We presented Barcelona City Council’s experiences in incorporating the gender perspective into the city’s urban planning, through an audit of over 100 urban planners, architects, expert staff and individuals interested in gender policies and gender spaces, this 14 February.
The day event’s first table focused on the safety audits of everyday life, urban routes that allow us to make audits of urban space based on the observation, direct experience and participation of women. Incorporating, therefore, gender perspective in designing the city and the public space’s transformation. The City Council had prepared a specific audit method which featured in the first of the new Feminist Methodology Booklets and was presented at this table. The document provides tools for feminist transformations of public and urban spaces and establishes goals for ensuring common methodological criteria are established for enabling audits. This methodology was put into practice, tested and validated in 6 audits carried out within the framework of the Neighbourhood Plan project (Trinitat Vella, Trinitat Nova, Bon Pastor i Baró de Viver, La Verneda i la Pau, Besòs-Maresme and La Marina).
As you will see below, two women participants in the La Verneda i La Pau, la Fredes Giménez and la Nàdia Moreno Neighbourhood Plan explained their experiences. The audit initiative in this neighbourhood allowed not only the gender perspective to be incorporated into the urban transformations provided for but also the creation of a group of women who share concerns and needs and are actively involved in response and solution research.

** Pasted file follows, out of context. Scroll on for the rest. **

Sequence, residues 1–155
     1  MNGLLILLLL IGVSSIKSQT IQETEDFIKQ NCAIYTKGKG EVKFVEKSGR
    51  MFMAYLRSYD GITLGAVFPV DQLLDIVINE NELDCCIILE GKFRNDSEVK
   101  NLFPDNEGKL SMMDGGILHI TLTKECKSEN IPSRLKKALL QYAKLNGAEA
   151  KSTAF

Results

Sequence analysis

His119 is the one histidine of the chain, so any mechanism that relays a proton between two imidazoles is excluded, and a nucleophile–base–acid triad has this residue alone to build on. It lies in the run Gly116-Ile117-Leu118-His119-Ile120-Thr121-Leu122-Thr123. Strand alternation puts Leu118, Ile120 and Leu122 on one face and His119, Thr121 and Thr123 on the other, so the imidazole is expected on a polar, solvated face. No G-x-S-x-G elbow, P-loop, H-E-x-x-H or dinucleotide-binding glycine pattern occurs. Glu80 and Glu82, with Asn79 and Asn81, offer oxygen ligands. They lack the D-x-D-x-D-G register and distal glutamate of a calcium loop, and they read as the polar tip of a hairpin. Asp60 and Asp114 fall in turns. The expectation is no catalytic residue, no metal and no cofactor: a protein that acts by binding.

A presentation was given, to close the first table, of the specific results of the everyday life audit carried out in Trinitat Nova. Generating solutions to the demands and needs arising from the audit provided an opportunity for coordinating cross-cutting proposals to be built between all the players involved (Nou Barris district, Ecology, Urban Planning and Mobility, Municipal Institute of Parks and Gardens, Barcelona’s Guardia Urbana, associations and facilities etc.) In sum, the audit allowed complex and innovative solutions to be explored.
The day event’s second table focused on the urban transformation projects that incorporate gender perspectives. The La Meridiana transformation project was therefore presented; more specifically, the gender approach was taken into account and the most important cross-cutting lines identified and boosted, through a participatory process, and safe crossings established, with suitable traffic-light times, with an expected effect on safety perceptions, and the need established for emphasising maintenance, cleaning and urban greenery.
Finally, a presentation was given, within the framework of this second table, of a Manual on everyday-life urban planning: a guide featuring gender criteria for technical teams taking part in the planning, drafting and implementation of the city’s plans and projects. This manual sees the city holistically, taking account of its complexity, and proposes work on several scales to include factors as diverse as time, social fabric and degree of independence of its residents.